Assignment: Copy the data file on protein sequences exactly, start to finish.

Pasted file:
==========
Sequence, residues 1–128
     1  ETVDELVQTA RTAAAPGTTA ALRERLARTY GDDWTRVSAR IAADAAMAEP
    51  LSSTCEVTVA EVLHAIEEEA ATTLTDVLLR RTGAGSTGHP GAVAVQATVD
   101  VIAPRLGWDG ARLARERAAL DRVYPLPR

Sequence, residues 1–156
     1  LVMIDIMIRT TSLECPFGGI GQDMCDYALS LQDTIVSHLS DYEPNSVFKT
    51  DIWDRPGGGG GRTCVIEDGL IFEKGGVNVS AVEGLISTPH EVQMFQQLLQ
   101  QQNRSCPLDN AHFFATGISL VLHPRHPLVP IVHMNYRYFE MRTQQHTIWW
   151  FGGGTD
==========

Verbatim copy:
Sequence, residues 1–128
     1  ETVDELVQTA RTAAAPGTTA ALRERLARTY GDDWTRVSAR IAADAAMAEP
    51  LSSTCEVTVA EVLHAIEEEA ATTLTDVLLR RTGAGSTGHP GAVAVQATVD
   101  VIAPRLGWDG ARLARERAAL DRVYPLPR

Sequence, residues 1–156
     1  LVMIDIMIRT TSLECPFGGI GQDMCDYALS LQDTIVSHLS DYEPNSVFKT
    51  DIWDRPGGGG GRTCVIEDGL IFEKGGVNVS AVEGLISTPH EVQMFQQLLQ
   101  QQNRSCPLDN AHFFATGISL VLHPRHPLVP IVHMNYRYFE MRTQQHTIWW
   151  FGGGTD